Fig. 5.13.2 Dependence of time-average surface force density normalized to \((\varepsilon_o |kV_o|^2 \, sinh^2 \, kd)\) as a function of frequency in moving frame of reference, normalized to relaxation time. \(S_e\) is defined by Eq. \ref{8} \((kd = 1)\).


    Electroquasistatic Tachometer

    It is the induced force upon the moving, semi-insulating sheet that is emphasized so far. The reverse effect of the motion on the field is emphasized by the slightly revised configuration of Fig. 5.13.3. Instead of a traveling wave, the imposed potential is now a standing wave. Points of zero amplitude retain fixed positions along the \(z\) axis. For the purpose of detecting the material velocity \(U\), a pair of electrode segments is positioned in the grounded wall just below the moving sheet. The time variation of charge induced on these segments gives rise to a current, \(i\), which is measured by means of external circuitry. Each segment is one half-wavelength, and positioned so that, in the absence of material motion, there is as much positive as negative surface charge induced on a segment surface. Thus, the electrodes are designed so that there is no output current in the absence of a material motion. But, with motion, the fields are skewed so that there is a net charge induced on each output segment. The result, an output signal \(v_o\) reflecting the material velocity \(U\), is now going to be computed.

    There is considerable analogy between the interaction studied here in the context of charge relaxation, and the magnetic diffusion example of Sec. 6.4. To make a practical device for measuring the rotational velocity of a shaft, the sheet pictured in Fig. 5.13.3 would be closed on itself, with the standing wave of imposed potential and the output segments perhaps arranged as in Fig. 5.13.4. By contrast with the conventional drag-cup tachometer, the sheet material in the device studied in this section would be made from semi-insulating material, rather than a metal.


    Fig. 5.13.3. A device for measuring the velocity \(U\) is made by exciting from above with a standing wave of potential and measuring the induced current on an electrode pair below the sheet.


    Fig. 5.13.4. Adaptation of the planar configuration of Fig. 5.13.3 to measure rotational velocity of shell of slightly conducting material.


    The fields from a standing wave of excitation potential are simply the superposition of two of the traveling waves analyzed already. That is, the excitation can be written as

    \[ \phi^a = Re \hat{V}_o \, cos(kz)e^{j \omega t} = Re \frac{\hat{V}_o}{2} \, (e^{-jkz} + e^{jkz}) e^{j \omega t} \label{11} \]

    The surface charge induced on the equipotential plane below the moving sheet is desired. It is assumed that the current, i, is measured through a sufficiently small resistance that the output eleatrodes remain at essentially zero potential. Thus, the output electrode surface charge is simply \(D_x^d\) and is found from Eq. \ref{3}b, as the superposition of the responses to the two traveling-wave components of the drive identified by Eq. \ref{11}:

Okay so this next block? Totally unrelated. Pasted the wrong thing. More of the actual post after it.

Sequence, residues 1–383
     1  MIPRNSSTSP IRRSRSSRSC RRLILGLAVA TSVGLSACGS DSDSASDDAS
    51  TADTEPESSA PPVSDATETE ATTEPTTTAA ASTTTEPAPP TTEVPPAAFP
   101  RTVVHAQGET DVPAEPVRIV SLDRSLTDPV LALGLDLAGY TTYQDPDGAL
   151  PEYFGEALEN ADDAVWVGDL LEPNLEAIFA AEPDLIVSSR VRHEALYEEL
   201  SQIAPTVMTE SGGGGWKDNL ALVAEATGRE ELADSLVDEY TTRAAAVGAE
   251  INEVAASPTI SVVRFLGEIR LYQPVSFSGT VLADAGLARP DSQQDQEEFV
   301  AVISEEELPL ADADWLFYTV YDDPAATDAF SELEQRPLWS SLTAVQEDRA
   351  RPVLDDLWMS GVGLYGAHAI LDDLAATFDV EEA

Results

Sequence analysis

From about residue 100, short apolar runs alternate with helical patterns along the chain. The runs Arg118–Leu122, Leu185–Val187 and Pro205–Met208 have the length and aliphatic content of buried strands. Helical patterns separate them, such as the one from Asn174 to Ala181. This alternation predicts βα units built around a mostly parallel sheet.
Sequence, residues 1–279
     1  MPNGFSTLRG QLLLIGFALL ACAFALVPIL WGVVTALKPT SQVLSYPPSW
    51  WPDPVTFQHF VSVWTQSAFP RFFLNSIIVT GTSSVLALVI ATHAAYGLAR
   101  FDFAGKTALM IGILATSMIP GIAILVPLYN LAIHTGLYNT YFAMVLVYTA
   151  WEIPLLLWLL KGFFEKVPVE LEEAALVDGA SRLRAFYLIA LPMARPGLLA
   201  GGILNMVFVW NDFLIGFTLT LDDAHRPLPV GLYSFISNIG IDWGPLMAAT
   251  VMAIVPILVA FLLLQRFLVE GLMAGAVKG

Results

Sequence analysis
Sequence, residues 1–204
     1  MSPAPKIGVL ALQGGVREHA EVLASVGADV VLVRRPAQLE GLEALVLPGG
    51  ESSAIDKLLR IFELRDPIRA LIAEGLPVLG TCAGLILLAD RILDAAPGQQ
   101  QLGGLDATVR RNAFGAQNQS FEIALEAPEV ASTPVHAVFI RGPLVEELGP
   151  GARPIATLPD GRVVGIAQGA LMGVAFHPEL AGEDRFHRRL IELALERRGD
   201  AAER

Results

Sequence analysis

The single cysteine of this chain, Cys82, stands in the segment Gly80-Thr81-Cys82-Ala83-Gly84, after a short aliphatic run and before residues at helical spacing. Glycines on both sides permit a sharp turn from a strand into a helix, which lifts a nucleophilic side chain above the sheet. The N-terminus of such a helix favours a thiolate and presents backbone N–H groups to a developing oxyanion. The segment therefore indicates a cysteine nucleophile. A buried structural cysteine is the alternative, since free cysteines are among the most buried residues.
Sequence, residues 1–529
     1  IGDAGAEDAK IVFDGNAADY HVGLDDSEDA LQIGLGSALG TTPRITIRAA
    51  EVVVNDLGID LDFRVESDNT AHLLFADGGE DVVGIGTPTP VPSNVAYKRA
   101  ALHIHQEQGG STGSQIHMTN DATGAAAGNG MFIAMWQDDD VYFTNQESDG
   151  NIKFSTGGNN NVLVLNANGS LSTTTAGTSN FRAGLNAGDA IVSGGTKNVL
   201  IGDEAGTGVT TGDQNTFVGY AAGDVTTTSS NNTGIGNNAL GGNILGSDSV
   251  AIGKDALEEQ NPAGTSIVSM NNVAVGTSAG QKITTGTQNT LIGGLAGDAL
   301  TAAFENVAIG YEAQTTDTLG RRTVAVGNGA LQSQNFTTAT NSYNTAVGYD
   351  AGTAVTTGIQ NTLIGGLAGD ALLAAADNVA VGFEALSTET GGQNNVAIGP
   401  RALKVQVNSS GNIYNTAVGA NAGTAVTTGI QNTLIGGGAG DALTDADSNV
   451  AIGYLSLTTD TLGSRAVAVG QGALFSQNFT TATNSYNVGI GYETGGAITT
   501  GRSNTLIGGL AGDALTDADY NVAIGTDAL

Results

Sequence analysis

\[ \hat{D}_x^d = \frac{- \varepsilon_o k}{sinh (kd)} ( \hat{\phi}_+^b + \hat{\phi}_{-}^b) \label{12} \]

    The potential amplitudes called for with Eq. \ref{12} are given by evaluating Eq. \ref{7} with \(\hat{V}_o \rightarrow \hat{V}_o/2\) and \(k\) first positive and then negative:

    \[ \hat{\phi}_{\pm} = j S_{e \pm} \hat{V}_o/4 \, sinh(kd) [ 1 + j S_{e \pm} coth(kd)] \label{13} \]

    \[ S_{e \pm} \equiv 2 \varepsilon_o (\omega \mp kU)/k \sigma_s \nonumber \]

    The combination of Eqs. \ref{12} and \ref{13} give the space-time dependence of the charge induced on the lower surface:

    \[ D_x^d = - Rej \frac{\varepsilon_o k \hat{V}_o}{4 \, sinh^2 (kd)} \Big \{ \frac{S_{e+} e^{-jkz}}{1 + j S_{e+} coth(kd)} +  \frac{S_{e-} e^{jkz}}{1 + j S_{e-} coth(kd)} \Big \} e^{j \omega t} \label{14} \]

    The net charge on the right electrode is now computed by integrating the surface charge over its area, from \(z = 0\) to \(z = \pi/k\) and over the width \(w\) of the electrode in the \(y\) direction. The required current is the time rate of change of the net charge on the electrode, and therefore given by

    \[ \hat{i} = j \omega \hat{q} = - \frac{j \omega W \varepsilon V_o}{2 \, sinh^2 (kd)} \Big [ \frac{S_{e+}}{1 + j S_{e+} coth(kd)} - \frac{S_{e-}}{1 + j S_{e-} coth(kd)} \Big ] \label{15} \]

    As required, the net charge on the electrode vanishes in the absence of a material motion. To bee thedependence of the output current on the material velocity, Eq. \ref{15} is expanded, using the definition of \(S_{e+}\) from Eq. \ref{13}:

    \[ |\hat{i}| = I_o \frac{ \Big [ \frac{2 \varepsilon_o \omega}{ k \sigma_s} \, coth(kd) \Big ] (kU/ \omega)}{\sqrt{[1 + S_{e+}^2 coth^2 (kd)] [1+ S_{e-}^2 coth^2(kd) ]}} \label{16} \]


    \[ I_o \equiv \frac{\omega \varepsilon_o |\hat{V}_o| w}{sinh(kd) \, cosh(kd)}; \, S_{e \pm} \equiv \frac{2 \varepsilon_o \omega}{k \sigma_s} (1 \mp \frac{kU}{\omega}) \nonumber \]

    With the excitation frequency large compared to \(kU\), the dependence of \(S_{e \pm}\) on \(U\) is weak, and Eq. \ref{16} shows that the output current is then a linear function of the material velocity. The general dependence of \(|\hat{i}|\) on the ratio of sheet velocity to wave phase velocity, w/k, is illustrated in Fig. 5.13.5.\(^2\)


    Fig. 5.13.5. Dependence of output signal on material velocity \(U\) relative to phase velocity \((\omega/k)\) for tachometer of Fig. 5.13.3. Parameter is \(2 \varepsilon_o \omega coth(kd)/ k \sigma_s\)

    1. For description of a somewhat similar device, see S. D. Choi and D. A. Dunn, "A surface-ChargeInduction Motor," Proc. IEEE 59, No. 5, 737-748 (1971).

    2. For a similar approach to measuring fluid velocity, see J. R. Melcher, "Charge Relaxation on a Moving Liquid Interface," Phys. Fluids 10, 325-331 (1967).

    5.13: Electroquasistatic Induction Motor and Tachometer is shared under a not declared license and was authored, remixed, and/or curated by LibreTexts.